Truth is, we owe it to to the valiant photographers who stepped up to capture what no one else would. Knowing that at that present time, their art would not be embraced easily, if at all. And yet they were able to see the value in it. Scratch that, not just the value, the importance of it. The fact that these lives, the existence of queer communities needed to be captured for posterity. So that future generations knew that queer people, as well as other marginalized communities, have always existed, they were simply denied visibility. Who knows if back then, queer photographers were aware of the ramifications of their work.
Photographers such as Joan.E.Biren, known as JEB, began photographing lesbians in 1971 to strengthen the liberation movement. At a time when it was impossible to find authentic representations of lesbian relationships, JEB began to collate a collection of black and white portraits of lesbians in their everyday lives. These were revolutionary.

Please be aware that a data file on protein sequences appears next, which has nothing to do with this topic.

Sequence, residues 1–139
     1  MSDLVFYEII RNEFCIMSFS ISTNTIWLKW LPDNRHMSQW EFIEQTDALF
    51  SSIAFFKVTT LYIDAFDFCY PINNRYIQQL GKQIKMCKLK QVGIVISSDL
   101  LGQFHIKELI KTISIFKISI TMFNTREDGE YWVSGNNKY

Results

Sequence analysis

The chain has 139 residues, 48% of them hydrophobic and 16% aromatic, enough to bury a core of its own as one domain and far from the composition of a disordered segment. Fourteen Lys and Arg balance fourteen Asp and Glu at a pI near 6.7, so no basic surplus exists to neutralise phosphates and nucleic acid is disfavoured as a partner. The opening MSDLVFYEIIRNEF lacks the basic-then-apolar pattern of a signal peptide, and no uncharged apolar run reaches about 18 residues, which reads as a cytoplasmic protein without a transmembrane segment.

You can’t build a movement without being seen. – JEB
There are of course examples of photographers who, despite not being queer themselves, contributed to the queer struggle. Diane Arbus took it upon herself to lay her photography at the disposition of those who needed representation throughout her career during the 40s up until her death in the 70s. Being one of the first photographers who breached that distance between subject and photographer. Humanizing her subjects, rather than objectifying them.
However, up until recently queer narratives have been largely exploited and distorted when presented through non-queer lenses.
Source:Diane Arbus/ NOW
Source: Diane Arbus/ Feggy Min
Why We Need Queer Photography Through The Queer Lens